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MAS and Partners Submit Brief to NY Supreme Court

The Municipal Art Society of New York, along with six civic organizations, today filed a brief with the New York Supreme Court as amici curiae, or friends of the court, to assist the court in resolving the issues presented in Protect the Village Historic District, et. al, v. New York City Landmarks Preservation Commission, et. al.

The case arises from the New York City Landmarks Preservation Commission’s (LPC) determination that St. Vincent’s met the judicial test for hardship and could proceed with the demolition of its Edward and Theresa O’Toole Building, on Seventh Avenue between 12th and 13th streets. The Commission reached its preliminary determination in October of 2008, and issued its Final Notice to Proceed in May of 2009.

Joining MAS in filing the brief are the New York Landmarks Conservancy, The National Trust for Historic Preservation, The Preservation League of New York State, The Greenwich Village Society for Historic Preservation, The Brooklyn Heights Association and Friends of the Upper East Side Historic Districts.

In filing the brief, MAS and other amici have taken the uncommon step of supporting neither party to the litigation.  The primary function of the submission is to assist the court in reaching its determination by outlining the proper judicial test for hardship relief, as well as the regulatory takings analysis on which that test is premised.

St. Vincent’s originally proposed demolishing nine buildings located within the Greenwich Village Historic District, to allow for the construction of a new hospital and residential complex, with a tower and other buildings to be built by a private developer. The LPC denied the request to demolish four of the nine buildings, including the O’Toole building, citing their historic and architectural significance. St. Vincent’s then invoked the hardship provision of the Landmarks Law as applied to non-profit owners by the courts, to allow the demolition of the 1963 O’Toole Building. After numerous hearings and modifications to the plans, the LPC approved St. Vincent’s hardship application, the design of the new hospital building and the private residential development.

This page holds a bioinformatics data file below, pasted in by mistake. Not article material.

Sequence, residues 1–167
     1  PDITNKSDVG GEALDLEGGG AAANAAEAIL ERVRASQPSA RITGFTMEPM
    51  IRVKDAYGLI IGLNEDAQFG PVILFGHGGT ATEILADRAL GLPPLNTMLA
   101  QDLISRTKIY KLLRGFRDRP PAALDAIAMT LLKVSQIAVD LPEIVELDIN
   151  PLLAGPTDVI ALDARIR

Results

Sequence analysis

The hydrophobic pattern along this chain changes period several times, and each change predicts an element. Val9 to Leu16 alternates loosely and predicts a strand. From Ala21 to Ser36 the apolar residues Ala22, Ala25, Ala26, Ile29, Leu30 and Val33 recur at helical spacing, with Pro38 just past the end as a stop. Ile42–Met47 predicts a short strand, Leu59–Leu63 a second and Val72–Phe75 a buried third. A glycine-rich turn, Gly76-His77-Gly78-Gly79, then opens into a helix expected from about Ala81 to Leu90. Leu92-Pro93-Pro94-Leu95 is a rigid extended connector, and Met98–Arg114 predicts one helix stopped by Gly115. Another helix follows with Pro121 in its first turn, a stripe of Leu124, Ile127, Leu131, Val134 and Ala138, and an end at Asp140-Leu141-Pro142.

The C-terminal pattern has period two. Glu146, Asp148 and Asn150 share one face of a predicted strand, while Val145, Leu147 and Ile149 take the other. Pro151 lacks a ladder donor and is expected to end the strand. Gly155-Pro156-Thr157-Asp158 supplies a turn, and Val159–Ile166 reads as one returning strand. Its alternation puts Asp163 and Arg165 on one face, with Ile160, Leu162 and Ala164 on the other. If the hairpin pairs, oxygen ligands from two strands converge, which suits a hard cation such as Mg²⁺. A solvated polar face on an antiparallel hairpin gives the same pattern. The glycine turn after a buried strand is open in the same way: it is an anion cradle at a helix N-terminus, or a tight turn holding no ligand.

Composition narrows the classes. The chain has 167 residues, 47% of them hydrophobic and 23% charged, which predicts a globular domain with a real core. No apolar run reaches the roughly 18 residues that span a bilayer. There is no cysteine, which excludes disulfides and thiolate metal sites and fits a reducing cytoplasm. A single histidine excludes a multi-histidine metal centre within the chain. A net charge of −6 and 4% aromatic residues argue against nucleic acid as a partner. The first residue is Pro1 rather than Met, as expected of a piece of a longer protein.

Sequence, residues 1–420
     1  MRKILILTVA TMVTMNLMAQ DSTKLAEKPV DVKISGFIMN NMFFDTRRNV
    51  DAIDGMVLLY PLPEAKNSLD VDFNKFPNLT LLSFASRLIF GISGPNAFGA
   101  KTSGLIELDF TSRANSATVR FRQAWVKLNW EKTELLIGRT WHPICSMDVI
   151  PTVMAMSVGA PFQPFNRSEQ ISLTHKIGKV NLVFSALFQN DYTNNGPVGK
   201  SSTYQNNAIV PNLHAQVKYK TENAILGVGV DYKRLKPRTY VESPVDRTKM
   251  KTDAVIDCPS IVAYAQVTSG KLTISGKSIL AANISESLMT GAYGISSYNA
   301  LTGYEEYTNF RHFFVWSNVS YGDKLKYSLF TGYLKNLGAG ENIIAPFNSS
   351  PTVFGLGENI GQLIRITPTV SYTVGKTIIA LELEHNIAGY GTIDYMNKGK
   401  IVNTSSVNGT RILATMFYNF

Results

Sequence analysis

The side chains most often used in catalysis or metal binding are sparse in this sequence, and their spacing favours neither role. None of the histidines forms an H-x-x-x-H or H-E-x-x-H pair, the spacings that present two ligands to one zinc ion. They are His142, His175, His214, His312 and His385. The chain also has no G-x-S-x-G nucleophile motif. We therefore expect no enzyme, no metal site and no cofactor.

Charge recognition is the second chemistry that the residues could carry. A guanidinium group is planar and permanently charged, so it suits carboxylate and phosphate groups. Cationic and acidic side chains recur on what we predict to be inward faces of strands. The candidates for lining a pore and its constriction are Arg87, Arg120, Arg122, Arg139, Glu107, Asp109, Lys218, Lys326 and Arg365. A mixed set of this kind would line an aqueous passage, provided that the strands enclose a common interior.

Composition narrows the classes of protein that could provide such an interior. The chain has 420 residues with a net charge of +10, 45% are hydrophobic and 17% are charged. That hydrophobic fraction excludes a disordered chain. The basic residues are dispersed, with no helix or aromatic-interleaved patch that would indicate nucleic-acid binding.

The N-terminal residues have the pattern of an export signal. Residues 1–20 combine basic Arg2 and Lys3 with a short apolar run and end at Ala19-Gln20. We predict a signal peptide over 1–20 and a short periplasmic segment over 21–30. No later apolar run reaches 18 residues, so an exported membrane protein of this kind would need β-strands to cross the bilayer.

After the LPC issued its preliminary determination, Protect the Village Historic District, a neighborhood group, filed suit in February 2009, alleging that the LPC misconstrued the Landmarks Law and failed to properly consider alternatives to demolition.

The judicial test for hardship is a complex doctrine, which provides that where the impact of the Landmarks Law results in a “taking” of a non-profit property owner’s building, the LPC may grant that owner relief from the landmarks restrictions. That relief may include permission to demolish or substantially redevelop the otherwise protected structure.

Determining whether a non-profit owner’s property has been “taken” by a regulation is not a simple matter. After nearly a year of deliberation, the LPC determined that St. Vincent’s was entitled to demolish the O’Toole Building as hardship relief, but based its determination on a novel campus-based rationale that was announced after the close of public hearings on the matter.

Essentially, the LPC found that where a non-profit owner of “campus” properties can demonstrate that certain of those properties warrant hardship relief, but that it is impracticable to demolish them, other “campus” properties may be demolished to alleviate the hardship without an analysis of whether the buildings to be demolished themselves meet the criteria for relief. This campus-transfer, as articulated by the LPC, is not grounded in applicable takings or hardship law, and creates a dangerous precedent that might be exploited by other owners of “campus” properties throughout New York City’s historic districts. St.Vincent’s hardship application was the first to come before the LPC in 20 years.